In the fall of 1939, nine-year-old Janina David moved with her mother and father into the Jewish ghetto in Warsaw. It was  a calculated risk.

Janina’s parents had become convinced after the German occupation of Poland that life in the Jewish ghetto surrounded by their own people would be safer than attempting to survive in Gentile Poland under Nazi rule. So they abandoned their familiar comfortable life in the quiet village of Kalisz 235 kms south west of Warsaw and moved into the crowded noisy squalor of the ghetto.

After nearly four years surviving starvation, disease, violence, and deportation, Janina was smuggled out of the ghetto. At the age of thirteen, without either of her parents, she began the struggle for survival in the hostile environment of war-ravaged Poland.

For the remaining twelve months of the German occupation, after escaping the ghetto, Janina survived living at first with a family friend, then in the often uncomfortable shelter of the sisters in two convents. She existed on the edge of starvation, suffering from constant sickness, and  living with the unrelenting fear of denunciation and exposure as a Jew hiding among non-Jews.

During her time with the nuns Janina, who grew up in a non-religious Jewish family, converted to the Roman Catholic faith. Her conversion seems to have been heartfelt and genuine. Through the process of catechism instruction, baptism, and First Communion, Janina found a measure of peace and a sense of belonging. But it did not last.

After “liberation” by Soviet forces, living alone in devastated Poland, Janina’s faith faltered and eventually caved in completely under the assault of the reality of the war years.

Janina describes sitting in a movie theatre in 1945, being assaulted by newsreel footage of Nazi death camps and hoping beyond hope that, by some miracle, she might catch sight of her lost parents.

one day I found myself watching a film taken in a concentration camp. It must have been Auschwitz or Majdanek, at the moment the Russians entered.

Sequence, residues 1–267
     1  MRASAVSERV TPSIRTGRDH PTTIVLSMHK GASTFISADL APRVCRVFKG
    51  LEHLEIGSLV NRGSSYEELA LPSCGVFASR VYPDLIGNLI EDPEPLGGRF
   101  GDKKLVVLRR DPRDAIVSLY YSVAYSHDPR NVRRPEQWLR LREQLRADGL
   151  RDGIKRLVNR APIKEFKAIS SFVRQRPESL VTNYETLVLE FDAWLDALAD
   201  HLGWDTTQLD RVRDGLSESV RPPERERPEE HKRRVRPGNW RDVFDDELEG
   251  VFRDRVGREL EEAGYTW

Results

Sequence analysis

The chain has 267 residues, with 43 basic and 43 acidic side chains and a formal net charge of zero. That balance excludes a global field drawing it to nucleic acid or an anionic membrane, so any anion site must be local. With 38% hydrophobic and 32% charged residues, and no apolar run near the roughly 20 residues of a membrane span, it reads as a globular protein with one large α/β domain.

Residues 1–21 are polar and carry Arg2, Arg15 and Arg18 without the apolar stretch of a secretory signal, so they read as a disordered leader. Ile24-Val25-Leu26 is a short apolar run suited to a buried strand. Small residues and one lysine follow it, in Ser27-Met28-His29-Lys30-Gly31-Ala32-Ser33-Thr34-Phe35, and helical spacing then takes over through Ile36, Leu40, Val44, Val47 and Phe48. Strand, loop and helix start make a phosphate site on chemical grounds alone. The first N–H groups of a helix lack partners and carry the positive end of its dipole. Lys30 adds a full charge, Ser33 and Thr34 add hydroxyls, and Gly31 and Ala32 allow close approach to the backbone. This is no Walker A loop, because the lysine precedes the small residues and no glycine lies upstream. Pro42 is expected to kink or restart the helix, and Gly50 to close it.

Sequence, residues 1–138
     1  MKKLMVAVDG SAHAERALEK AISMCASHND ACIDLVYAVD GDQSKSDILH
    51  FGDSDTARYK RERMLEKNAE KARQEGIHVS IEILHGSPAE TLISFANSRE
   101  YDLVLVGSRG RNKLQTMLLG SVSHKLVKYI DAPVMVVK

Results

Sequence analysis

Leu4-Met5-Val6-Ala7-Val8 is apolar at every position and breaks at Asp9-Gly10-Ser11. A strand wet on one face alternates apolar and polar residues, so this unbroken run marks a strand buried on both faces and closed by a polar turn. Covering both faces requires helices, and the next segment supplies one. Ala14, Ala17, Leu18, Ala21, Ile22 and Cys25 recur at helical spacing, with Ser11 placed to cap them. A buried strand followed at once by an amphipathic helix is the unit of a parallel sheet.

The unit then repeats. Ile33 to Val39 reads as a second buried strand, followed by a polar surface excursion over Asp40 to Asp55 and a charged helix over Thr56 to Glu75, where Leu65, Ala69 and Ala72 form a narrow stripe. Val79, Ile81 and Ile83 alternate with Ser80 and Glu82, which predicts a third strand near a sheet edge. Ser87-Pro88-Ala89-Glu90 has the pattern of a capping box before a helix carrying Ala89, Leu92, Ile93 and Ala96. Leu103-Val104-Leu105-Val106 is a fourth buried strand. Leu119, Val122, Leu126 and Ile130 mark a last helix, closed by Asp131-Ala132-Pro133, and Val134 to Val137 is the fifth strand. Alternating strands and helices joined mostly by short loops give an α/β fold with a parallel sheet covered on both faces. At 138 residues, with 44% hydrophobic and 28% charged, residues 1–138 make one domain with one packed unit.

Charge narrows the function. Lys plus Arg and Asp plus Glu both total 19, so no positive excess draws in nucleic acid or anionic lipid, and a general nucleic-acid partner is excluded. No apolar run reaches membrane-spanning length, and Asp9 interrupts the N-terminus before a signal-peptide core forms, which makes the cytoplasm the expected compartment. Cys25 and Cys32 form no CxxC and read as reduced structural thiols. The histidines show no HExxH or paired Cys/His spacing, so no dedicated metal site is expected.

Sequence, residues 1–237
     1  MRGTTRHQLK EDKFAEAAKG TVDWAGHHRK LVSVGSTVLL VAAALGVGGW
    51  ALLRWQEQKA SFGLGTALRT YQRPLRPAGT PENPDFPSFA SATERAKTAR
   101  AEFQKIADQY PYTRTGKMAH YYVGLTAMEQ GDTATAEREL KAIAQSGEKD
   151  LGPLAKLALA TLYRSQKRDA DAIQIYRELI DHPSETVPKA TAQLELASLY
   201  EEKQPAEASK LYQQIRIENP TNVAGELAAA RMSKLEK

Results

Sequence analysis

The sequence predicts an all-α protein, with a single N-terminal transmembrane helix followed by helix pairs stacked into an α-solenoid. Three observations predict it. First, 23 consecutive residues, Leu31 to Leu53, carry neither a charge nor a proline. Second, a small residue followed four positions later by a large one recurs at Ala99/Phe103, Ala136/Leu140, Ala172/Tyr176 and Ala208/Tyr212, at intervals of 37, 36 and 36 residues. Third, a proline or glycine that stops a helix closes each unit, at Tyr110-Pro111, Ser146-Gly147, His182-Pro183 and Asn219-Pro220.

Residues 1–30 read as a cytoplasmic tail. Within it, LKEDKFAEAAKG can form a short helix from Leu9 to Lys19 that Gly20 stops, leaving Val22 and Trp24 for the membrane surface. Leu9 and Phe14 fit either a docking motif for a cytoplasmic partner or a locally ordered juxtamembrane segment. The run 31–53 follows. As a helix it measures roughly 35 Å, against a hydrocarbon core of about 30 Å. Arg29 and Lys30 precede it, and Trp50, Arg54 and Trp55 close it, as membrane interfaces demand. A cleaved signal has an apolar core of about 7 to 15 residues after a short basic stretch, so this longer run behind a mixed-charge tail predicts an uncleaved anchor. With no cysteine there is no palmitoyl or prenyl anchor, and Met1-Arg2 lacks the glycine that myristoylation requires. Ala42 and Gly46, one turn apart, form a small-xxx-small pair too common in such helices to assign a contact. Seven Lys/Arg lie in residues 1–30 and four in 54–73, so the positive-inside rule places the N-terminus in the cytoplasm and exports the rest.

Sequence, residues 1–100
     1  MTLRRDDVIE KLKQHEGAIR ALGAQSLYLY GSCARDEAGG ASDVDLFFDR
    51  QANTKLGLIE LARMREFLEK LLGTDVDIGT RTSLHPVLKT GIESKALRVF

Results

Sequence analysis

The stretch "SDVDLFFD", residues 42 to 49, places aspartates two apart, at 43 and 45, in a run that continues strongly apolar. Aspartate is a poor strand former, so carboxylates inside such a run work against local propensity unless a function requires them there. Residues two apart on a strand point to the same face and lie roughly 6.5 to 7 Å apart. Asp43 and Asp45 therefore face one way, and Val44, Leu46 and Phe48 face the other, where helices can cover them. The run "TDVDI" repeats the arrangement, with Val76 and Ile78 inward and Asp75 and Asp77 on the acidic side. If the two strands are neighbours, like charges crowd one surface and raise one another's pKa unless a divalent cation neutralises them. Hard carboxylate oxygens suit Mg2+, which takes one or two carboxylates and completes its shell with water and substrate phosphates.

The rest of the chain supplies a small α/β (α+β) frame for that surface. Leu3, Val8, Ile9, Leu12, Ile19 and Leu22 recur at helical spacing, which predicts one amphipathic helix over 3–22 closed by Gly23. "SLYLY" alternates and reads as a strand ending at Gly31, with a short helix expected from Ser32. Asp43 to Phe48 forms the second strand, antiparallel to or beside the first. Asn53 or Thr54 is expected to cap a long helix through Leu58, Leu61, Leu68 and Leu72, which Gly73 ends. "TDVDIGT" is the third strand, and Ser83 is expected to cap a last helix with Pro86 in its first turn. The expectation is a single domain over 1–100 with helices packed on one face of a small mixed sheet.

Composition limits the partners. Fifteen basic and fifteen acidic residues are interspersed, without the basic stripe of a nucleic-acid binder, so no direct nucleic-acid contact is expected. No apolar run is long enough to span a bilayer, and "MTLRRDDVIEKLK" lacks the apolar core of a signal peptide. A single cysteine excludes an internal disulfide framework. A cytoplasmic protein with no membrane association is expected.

The piles of naked bodies, the crowded bunks, the ash-strewn fields, and teeth and toys and, in the white cubicles later, army doctors examining the living skeletons, who looked into the camera with wild, sunken eyes, bewildered, questioning, demanding an answer…

I sat pushed back into my chair by the horror before me. Whenever the camera zoomed for a close-up and another naked body was examined, my heart stopped in anticipation. Now! Now it will be one of them, now in the next second I shall recognize…

I didn’t, but there were so many of them, ‘millions’, someone said in the darkness. Why?

They are there, I must see them, I thought, and the indecency of what I was witnessing made me cover my eyes for a second, but I lowered my hands immediately. I had no right to hide now. Never again will I have the right to hide, to shirk, to turn my face away in fear or disgust. If they could die this kind of death, then I would have to carry its image as long as I lived.

In the cinema the spectators wept, fainted and prayed aloud. I came out into the cold winter night with clenched teeth and murder in my heart. My last childish dream was dead: There was no God.

(David, Janina. A Square of Sky: A wartime childhood: from ghetto to convent. London:
Eland, 1992 [orig. pub. 1994 and 1996], 408)

Faith is not an easy choice.

Confronted by the horrifying realities that afflict so much of life, it is tempting to abandon any confidence in the transcendent power of love, beauty, goodness, and truth. Faith in goodness at the core of life can seem, indeed, nothing but a “last childish dream.”

Who could blame a fifteen year old girl for giving up her fledgling faith after losing both her parents and living for five years with the horror of rejection, isolation, and constant danger under which every Jewish person lived in occupied Poland throughout the war?

Standing on the edge of the dark abyss that is so much of life, it is tempting to “cover my eyes for a second.” But, I must not “turn my face away in fear or disgust.” The choice of faith must be made and learn to live in the face of “The piles of naked bodies, the crowded bunks, the ash-strewn fields, and teeth and toys,” otherwise it is not faith; it is just denial.

 

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